9. If You Catch Me Staring

10. Last Night I Had A Dream About You

11. She’s Almost You

12. Baby We’re A Bad Idea



John Paul Keith, the brilliant singer-songwriter and blistering guitarist who exploded out of a self-imposed musical exile in Memphis with 2009’s critically acclaimed Spills and Thrills and 2011’s The Man That Time Forgot, returns in September with Memphis Circa 3AM—his most accomplished and moving collection of songs yet.

Less a tribute to the spirit, soul and sound of the city than the living, crackling embodiment of it, Memphis Circa3AM finds Keith reaching the songwriting depths and musical heights that his previous two releases foreshadowed. Produced by the truly legendary Roland Janes—house guitarist for Sun Records in the 50s and longtime engineer and producer at Sam Phillips Recording Services—the album is a time-stopping 12-song duet between two deeply kindred artists, as Keith’s songs and Janes’ direction achieve a sonic balance that is both familiar and original. Cut live to two-inch tape—with Janes providing direction from the booth and not a computer in sight—the album sounds deeply rooted and incredibly fresh at the same time.

“When you think about the sheer scope of the work Roland has done, it is intimidating,” Keith says. “So many of my favorite records he either played on or worked on in some capacity. Working in there, I had to put it out of my mind. You can’t get anything done if you think too much about it. But Roland never brings it up. He immediately makes you feel comfortable. It became clear to me in my first meeting with Rolandthat he had no interest in doing any sort of nostalgia project. He wants to do something new and fresh and creative. It really helped us work.”

It shows. On each song—from the raucous stop-start rave-up of “You Really Oughta Be With Me” to the sad resign of “She’s Almost You,” Keith is backed with incredible power and delicacy by his band the One Four Fives. Bassist Mark Edgar Stuart and drummer John Argroves are arguably one of the deftest rhythm sections going, and their ability to propel, ground and bolster Keith’s songs recalls nothing short of the Band. Years on the road supporting the two previous albums, as well as crisscrossing the U.S. and Europe both alone and as backup for Jack Oblivian, has solidified Keith and the One Four Fives into an intuitive and powerful live band.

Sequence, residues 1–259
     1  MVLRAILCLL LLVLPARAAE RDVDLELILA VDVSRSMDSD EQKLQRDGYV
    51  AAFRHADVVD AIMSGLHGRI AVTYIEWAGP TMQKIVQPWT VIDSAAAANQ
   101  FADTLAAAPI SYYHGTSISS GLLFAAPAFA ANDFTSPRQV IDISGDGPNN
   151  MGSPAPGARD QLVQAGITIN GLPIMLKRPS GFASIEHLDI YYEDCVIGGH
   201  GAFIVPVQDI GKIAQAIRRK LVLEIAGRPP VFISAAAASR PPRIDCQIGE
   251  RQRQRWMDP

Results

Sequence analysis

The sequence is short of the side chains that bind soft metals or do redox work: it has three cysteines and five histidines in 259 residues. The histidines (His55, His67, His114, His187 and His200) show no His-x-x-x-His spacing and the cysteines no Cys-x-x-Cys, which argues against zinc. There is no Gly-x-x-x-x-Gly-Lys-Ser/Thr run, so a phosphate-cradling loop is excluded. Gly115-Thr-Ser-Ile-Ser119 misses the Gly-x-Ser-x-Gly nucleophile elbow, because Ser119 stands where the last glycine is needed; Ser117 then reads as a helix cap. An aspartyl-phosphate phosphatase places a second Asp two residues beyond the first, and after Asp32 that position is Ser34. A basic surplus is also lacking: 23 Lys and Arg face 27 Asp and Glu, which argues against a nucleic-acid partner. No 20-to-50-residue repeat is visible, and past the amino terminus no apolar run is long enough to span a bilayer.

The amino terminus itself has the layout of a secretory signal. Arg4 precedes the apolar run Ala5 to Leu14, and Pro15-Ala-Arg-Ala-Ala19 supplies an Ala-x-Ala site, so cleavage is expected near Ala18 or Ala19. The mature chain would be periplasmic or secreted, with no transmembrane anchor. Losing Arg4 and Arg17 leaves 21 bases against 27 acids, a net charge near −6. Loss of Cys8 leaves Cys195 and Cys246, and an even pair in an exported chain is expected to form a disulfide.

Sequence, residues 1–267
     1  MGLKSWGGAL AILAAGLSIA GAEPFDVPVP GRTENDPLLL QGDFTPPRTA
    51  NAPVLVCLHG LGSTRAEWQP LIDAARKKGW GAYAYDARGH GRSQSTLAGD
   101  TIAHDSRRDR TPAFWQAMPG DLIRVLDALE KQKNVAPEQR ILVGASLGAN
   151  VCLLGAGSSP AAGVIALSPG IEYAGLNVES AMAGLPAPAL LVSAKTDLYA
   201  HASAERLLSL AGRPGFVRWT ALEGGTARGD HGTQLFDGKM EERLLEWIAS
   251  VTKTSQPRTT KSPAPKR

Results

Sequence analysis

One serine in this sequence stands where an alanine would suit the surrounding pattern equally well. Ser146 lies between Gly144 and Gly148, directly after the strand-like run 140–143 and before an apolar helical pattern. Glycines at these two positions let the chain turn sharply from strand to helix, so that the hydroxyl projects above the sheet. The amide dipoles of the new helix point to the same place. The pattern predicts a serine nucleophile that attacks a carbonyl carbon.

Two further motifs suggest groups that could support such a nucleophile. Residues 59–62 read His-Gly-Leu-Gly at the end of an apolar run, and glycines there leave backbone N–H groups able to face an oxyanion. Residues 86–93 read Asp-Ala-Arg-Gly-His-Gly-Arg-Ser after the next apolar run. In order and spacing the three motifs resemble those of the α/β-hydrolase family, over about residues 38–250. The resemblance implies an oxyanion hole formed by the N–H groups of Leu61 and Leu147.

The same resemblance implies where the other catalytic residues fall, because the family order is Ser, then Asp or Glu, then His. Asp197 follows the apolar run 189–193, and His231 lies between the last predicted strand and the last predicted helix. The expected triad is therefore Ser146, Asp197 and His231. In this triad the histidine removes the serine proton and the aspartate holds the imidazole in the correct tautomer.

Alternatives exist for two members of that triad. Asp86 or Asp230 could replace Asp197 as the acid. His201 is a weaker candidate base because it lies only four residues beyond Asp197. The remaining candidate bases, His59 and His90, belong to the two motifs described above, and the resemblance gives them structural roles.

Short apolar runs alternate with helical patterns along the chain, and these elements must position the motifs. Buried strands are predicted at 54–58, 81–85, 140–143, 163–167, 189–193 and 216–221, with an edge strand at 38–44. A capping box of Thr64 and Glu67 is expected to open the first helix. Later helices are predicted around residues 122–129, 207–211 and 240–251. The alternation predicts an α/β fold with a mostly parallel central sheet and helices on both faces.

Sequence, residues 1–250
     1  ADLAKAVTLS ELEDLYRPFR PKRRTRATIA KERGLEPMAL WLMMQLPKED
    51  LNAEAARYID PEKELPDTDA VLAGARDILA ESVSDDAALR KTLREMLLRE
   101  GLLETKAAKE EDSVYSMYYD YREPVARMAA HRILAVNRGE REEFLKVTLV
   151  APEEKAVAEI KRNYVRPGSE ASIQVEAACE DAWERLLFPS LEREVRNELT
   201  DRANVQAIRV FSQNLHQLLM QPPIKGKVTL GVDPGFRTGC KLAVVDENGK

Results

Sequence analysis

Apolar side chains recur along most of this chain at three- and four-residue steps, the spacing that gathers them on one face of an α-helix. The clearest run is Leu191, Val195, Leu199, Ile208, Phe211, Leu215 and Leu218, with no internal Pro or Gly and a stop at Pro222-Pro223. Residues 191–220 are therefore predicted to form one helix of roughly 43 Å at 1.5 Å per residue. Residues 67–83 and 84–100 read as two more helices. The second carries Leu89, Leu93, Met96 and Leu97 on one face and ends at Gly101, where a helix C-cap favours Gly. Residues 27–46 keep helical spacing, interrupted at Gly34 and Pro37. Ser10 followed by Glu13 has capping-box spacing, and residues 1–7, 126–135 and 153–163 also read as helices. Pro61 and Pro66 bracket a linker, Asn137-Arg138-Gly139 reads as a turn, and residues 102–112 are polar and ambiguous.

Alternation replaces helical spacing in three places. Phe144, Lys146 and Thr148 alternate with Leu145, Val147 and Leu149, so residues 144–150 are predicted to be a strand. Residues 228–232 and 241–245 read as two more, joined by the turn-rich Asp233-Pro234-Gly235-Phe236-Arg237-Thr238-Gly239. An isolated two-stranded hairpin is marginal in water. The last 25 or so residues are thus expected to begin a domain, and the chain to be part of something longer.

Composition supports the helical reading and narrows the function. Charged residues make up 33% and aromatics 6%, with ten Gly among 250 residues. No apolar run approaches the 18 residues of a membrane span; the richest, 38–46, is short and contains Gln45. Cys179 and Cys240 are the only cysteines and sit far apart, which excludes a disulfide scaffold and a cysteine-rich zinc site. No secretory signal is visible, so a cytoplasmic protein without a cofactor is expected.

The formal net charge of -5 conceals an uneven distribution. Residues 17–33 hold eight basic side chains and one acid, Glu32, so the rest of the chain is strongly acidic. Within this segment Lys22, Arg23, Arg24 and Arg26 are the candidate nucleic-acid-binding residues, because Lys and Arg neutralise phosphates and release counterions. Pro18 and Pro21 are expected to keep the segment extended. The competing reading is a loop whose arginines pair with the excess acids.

And as his band musically ups the ante, Keith meets it with his finest songs to date. There are few songwriters today that can match his ability to invest a simple turn of phrase with so many layers of meaning. From the hungover romance of “Ninety Proof Kiss” (“No one ever looked finer still wearing last-night’s eyeliner / I’m sure gonna miss that ninety-proof kiss”) to the plaintive moving-on heartbreak of “She’s Almost You” (“Why should I pine for you everyday, when she loves the words I used to say to you / they’re almost true”), Keith’s lyrics have an amazing ability to sound effortless and impeccably crafted. On “New Year’s Eve”—a stunning blue-eyed soul ballad that matches the melancholy sweetness of Dan Penn and Spooner Oldham—Keith has written a song worthy of becoming a standard. “Next thing you know, I’ll be lying about my age / I’m reading the book, but I don’t want to turn the page /Can you believe it is already New Year’s Eve?”

It is a feeling and theme Keith returns to unflinchingly throughout the album. The songs hint of time slipping away, somewhere between midnight and morning, of feeling at the same time lost and in the right place, of being heartbroken and happy, optimistic and fearful, inspired to move forward by looking back. Keith’s ability to let these contradictions stand together unresolved has created a work of great and subtle complexity.

With the seamless balance itstrikes between Keith and his songs, and Janes and his production, Memphis Circa3AM is like discovering a musical Rosetta stone that decrypts the deep and mysterious codes of Memphis music to reveal the truths they hold. With Janes’ help, Keith has managed to harness the power of the city’s musical history and traditions to create a collection of songs that is truly timeless. In keeping with the album’s themes of contradiction, Keith has created a work that rightly stands in the pantheon of Memphis’ best while remaining adamantly and uniquely his own.